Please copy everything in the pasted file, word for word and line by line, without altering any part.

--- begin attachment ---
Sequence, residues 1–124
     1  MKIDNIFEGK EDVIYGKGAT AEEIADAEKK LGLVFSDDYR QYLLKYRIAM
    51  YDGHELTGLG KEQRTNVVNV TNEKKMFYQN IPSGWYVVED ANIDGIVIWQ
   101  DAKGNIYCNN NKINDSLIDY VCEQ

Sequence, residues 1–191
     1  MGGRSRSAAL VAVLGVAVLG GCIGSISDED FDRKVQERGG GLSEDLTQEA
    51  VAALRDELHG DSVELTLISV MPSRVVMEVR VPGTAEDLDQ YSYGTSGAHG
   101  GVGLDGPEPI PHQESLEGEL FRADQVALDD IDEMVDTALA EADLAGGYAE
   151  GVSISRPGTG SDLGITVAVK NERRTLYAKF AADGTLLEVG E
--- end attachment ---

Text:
Sequence, residues 1–124
     1  MKIDNIFEGK EDVIYGKGAT AEEIADAEKK LGLVFSDDYR QYLLKYRIAM
    51  YDGHELTGLG KEQRTNVVNV TNEKKMFYQN IPSGWYVVED ANIDGIVIWQ
   101  DAKGNIYCNN NKINDSLIDY VCEQ

Sequence, residues 1–191
     1  MGGRSRSAAL VAVLGVAVLG GCIGSISDED FDRKVQERGG GLSEDLTQEA
    51  VAALRDELHG DSVELTLISV MPSRVVMEVR VPGTAEDLDQ YSYGTSGAHG
   101  GVGLDGPEPI PHQESLEGEL FRADQVALDD IDEMVDTALA EADLAGGYAE
   151  GVSISRPGTG SDLGITVAVK NERRTLYAKF AADGTLLEVG E